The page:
Perceived Injustice Predicts Intention to Litigate: Findings from a Spinal Cord Injury Sample

Zina Trost, Kimberley R. Monden, Melissa Buelow, Adriel Boals, Whitney Scott

Research output: Contribution to journalArticlepeer-review

12 Scopus citations


The current study examined the association between perceived injustice (assessed by the Injustice Experiences Questionnaire) and intent to litigate in a sample of individuals who had recently suffered a spinal cord injury and were currently on an inpatient rehabilitation unit. Higher perception of injustice was associated with reported interest in litigation. In logistic regression analyses, perceived injustice uniquely differentiated between individuals who foresaw involvement in litigation versus those who did not, with the blame/unfairness factor of the Injustice Experiences Questionnaire emerging as more significant than the severity/irreparability of loss factor. Both anticipated litigation and higher perception of injustice were associated with greater attribution of responsibility for injury to other person(s) and reduced forgiveness across a number of domains. Finally, a receiver operating characteristic (ROC) curve analysis was conducted to identify IEQ score most associated with anticipated litigation. This study is the first to examine perception of injustice in a spinal cord injury sample or the association between perceived injustice and litigation intent. Results support the possibility that psychological appraisals of injury may have significant legal ramifications.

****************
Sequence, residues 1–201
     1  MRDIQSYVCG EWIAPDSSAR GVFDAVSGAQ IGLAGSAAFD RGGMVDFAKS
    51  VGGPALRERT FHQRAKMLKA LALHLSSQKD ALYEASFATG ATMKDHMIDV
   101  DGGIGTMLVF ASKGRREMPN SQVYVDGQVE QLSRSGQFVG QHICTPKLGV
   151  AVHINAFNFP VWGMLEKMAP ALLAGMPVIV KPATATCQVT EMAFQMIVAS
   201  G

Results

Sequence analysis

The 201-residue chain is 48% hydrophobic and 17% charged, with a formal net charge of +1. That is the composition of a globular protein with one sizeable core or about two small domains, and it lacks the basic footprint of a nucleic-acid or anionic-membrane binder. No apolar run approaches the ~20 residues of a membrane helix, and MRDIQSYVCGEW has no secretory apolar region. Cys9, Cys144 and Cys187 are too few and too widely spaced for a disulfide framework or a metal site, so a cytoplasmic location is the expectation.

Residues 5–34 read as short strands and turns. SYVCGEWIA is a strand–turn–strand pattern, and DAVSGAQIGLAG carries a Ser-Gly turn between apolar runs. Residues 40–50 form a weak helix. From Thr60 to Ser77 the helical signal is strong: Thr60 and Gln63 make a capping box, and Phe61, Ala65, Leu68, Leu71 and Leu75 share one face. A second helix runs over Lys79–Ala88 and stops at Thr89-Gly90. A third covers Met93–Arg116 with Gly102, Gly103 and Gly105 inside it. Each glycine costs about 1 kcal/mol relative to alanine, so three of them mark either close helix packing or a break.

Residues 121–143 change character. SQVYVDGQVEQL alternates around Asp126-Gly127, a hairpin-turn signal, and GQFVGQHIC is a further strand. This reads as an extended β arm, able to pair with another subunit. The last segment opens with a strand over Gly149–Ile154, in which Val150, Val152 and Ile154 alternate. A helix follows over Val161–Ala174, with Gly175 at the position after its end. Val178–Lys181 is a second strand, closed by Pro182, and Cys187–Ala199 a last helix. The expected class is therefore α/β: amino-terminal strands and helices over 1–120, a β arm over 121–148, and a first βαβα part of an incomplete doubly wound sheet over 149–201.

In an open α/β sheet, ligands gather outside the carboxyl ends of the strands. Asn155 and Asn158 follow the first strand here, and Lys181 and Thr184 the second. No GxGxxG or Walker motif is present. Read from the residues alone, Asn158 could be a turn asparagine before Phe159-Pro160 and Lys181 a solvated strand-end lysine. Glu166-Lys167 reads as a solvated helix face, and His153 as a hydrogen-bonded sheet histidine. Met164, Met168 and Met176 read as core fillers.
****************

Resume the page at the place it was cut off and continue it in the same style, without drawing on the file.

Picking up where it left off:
Original languageEnglish (US)
Pages (from-to)31-40
Number of pages10
JournalPsychological Injury and Law
Issue number1
StatePublished - Mar 1 2016

Bibliographical note

Publisher Copyright:
© 2016, Springer Science+Business Media New York.


  • Blame
  • Forgiveness
  • Litigation
  • Perceived injustice
  • Spinal cord injury


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